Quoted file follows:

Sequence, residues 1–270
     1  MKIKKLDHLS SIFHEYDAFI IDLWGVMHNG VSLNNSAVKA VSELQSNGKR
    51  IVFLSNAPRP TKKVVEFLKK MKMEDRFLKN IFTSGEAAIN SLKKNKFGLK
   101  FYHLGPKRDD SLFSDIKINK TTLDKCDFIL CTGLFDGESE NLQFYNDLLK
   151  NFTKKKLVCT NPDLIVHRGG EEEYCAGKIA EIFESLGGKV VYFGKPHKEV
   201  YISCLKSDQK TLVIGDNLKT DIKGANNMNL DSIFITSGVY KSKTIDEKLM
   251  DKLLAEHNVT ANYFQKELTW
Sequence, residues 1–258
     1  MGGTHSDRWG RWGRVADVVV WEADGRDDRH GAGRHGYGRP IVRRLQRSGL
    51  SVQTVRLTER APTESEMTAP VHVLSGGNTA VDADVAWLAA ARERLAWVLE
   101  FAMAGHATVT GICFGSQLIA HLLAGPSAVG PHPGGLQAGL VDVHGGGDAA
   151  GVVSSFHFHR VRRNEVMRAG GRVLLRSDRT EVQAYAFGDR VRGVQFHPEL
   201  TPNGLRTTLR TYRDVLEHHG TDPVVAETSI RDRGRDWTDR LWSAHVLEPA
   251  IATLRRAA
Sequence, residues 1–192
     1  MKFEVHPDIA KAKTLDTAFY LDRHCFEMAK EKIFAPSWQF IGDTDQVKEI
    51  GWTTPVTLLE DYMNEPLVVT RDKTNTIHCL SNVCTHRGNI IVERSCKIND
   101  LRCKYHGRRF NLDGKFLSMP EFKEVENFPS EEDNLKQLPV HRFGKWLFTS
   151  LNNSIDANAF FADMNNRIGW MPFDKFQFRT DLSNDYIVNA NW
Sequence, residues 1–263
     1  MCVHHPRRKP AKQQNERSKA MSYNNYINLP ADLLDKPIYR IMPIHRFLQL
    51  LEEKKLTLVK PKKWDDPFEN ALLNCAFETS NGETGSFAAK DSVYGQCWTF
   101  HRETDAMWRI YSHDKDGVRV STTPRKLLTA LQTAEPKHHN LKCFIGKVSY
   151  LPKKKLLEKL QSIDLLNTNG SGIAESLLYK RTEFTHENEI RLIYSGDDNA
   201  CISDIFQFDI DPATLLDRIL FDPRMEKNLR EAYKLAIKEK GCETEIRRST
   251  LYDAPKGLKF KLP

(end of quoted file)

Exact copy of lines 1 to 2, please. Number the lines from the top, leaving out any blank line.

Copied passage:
Sequence, residues 1–270
     1  MKIKKLDHLS SIFHEYDAFI IDLWGVMHNG VSLNNSAVKA VSELQSNGKR